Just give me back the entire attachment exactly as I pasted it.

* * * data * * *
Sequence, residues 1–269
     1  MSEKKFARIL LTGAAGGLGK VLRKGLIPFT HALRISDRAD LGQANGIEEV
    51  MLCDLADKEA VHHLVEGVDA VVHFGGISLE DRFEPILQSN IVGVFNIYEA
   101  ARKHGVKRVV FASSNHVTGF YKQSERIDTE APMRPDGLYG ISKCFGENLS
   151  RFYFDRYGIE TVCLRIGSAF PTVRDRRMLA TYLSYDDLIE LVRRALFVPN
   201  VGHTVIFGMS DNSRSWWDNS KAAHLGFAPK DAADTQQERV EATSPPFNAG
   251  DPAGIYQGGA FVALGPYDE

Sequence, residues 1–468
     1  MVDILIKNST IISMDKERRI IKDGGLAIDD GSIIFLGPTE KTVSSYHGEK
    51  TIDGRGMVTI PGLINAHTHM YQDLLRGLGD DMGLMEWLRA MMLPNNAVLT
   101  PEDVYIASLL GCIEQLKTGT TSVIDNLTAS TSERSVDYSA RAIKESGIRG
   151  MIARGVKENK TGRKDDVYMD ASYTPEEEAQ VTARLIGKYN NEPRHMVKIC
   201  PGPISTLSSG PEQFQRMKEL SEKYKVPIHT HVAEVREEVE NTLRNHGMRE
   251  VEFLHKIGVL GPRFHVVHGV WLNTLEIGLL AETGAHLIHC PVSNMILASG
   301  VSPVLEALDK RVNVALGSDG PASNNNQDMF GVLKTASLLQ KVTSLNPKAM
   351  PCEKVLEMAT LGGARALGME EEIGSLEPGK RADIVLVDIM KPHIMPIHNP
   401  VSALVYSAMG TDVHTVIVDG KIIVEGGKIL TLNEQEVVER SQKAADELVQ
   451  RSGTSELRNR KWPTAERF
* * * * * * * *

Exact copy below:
Sequence, residues 1–269
     1  MSEKKFARIL LTGAAGGLGK VLRKGLIPFT HALRISDRAD LGQANGIEEV
    51  MLCDLADKEA VHHLVEGVDA VVHFGGISLE DRFEPILQSN IVGVFNIYEA
   101  ARKHGVKRVV FASSNHVTGF YKQSERIDTE APMRPDGLYG ISKCFGENLS
   151  RFYFDRYGIE TVCLRIGSAF PTVRDRRMLA TYLSYDDLIE LVRRALFVPN
   201  VGHTVIFGMS DNSRSWWDNS KAAHLGFAPK DAADTQQERV EATSPPFNAG
   251  DPAGIYQGGA FVALGPYDE

Sequence, residues 1–468
     1  MVDILIKNST IISMDKERRI IKDGGLAIDD GSIIFLGPTE KTVSSYHGEK
    51  TIDGRGMVTI PGLINAHTHM YQDLLRGLGD DMGLMEWLRA MMLPNNAVLT
   101  PEDVYIASLL GCIEQLKTGT TSVIDNLTAS TSERSVDYSA RAIKESGIRG
   151  MIARGVKENK TGRKDDVYMD ASYTPEEEAQ VTARLIGKYN NEPRHMVKIC
   201  PGPISTLSSG PEQFQRMKEL SEKYKVPIHT HVAEVREEVE NTLRNHGMRE
   251  VEFLHKIGVL GPRFHVVHGV WLNTLEIGLL AETGAHLIHC PVSNMILASG
   301  VSPVLEALDK RVNVALGSDG PASNNNQDMF GVLKTASLLQ KVTSLNPKAM
   351  PCEKVLEMAT LGGARALGME EEIGSLEPGK RADIVLVDIM KPHIMPIHNP
   401  VSALVYSAMG TDVHTVIVDG KIIVEGGKIL TLNEQEVVER SQKAADELVQ
   451  RSGTSELRNR KWPTAERF